Meet Zojirushi’s Full Breadmaker Lineup: Choosing the Right Breadmaker for You

As you know, at Zojirushi we draw inspiration from daily life. And with that in mind, there are few items as relevant to everyday life as bread and bread products. We launched our very first breadmaker, the Home Bakery Breadmaker, in 1988 (over 30 years ago!) and haven’t looked back since. Today, we offer four different breadmakers, each with a wide range of capabilities that allow them to bake different types of breads and some even make jam, pizza dough, meatloaf, and bake gluten-free bread. With all these different features, we thought that it would be a good idea to introduce you to each breadmaker to help you choose the right machine for you. Are you ready to meet the breadmaker members of our family?

Zojirushi Breadmaker Models

Our four breadmakers are as follows (pictured left to right):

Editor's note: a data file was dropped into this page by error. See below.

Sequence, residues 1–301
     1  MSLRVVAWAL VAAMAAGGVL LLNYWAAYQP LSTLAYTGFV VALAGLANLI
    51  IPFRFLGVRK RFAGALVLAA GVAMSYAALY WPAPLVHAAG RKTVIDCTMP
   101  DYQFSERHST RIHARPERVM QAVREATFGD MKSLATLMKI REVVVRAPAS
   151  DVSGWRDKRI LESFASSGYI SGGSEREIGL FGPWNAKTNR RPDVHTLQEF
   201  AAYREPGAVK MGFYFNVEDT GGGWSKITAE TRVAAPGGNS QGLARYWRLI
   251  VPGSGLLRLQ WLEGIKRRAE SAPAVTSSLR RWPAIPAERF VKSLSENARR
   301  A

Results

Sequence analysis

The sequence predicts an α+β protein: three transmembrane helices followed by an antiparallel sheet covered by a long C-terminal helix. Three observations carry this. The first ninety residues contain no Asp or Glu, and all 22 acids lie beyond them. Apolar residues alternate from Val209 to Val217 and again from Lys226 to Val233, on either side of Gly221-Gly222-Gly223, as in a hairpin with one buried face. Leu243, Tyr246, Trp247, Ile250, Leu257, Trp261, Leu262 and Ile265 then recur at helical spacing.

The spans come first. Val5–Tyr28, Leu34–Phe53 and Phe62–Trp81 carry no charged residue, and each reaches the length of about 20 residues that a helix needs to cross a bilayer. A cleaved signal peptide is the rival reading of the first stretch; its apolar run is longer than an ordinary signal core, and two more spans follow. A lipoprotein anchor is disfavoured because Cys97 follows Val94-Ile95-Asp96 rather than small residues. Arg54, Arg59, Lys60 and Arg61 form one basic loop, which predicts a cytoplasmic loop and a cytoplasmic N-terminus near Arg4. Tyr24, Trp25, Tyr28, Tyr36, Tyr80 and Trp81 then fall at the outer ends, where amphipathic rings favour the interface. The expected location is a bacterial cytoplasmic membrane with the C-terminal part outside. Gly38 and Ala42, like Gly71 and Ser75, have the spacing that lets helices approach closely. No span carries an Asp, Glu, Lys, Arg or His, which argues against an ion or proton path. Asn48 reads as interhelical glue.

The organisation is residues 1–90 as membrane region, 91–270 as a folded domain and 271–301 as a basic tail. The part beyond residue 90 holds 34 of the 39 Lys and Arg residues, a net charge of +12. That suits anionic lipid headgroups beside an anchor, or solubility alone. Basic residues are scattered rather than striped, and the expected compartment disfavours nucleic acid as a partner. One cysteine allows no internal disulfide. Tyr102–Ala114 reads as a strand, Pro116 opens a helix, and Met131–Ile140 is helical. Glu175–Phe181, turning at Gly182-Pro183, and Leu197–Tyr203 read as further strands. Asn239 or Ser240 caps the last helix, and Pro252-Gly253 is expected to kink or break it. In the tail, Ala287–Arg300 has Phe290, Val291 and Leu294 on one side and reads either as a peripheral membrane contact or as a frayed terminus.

The “Supreme” and “Virtuoso” are the bigger capacity breadmakers, while the “Mini” and “Maestro” are the smaller breadmakers. An easy way to distinguish between the breadmakers sizes is by looking at the numbers at the end of each product ID. If it ends in a “10,” it’s smaller. If it ends in a “20,” it’s larger.

We make a breadmaker that fits every household, each packed with settings for different types of breads to fit your own preferences and dietary needs. There are two different sizes of bremakers that make two types of bread shapes: vertical and horizontal.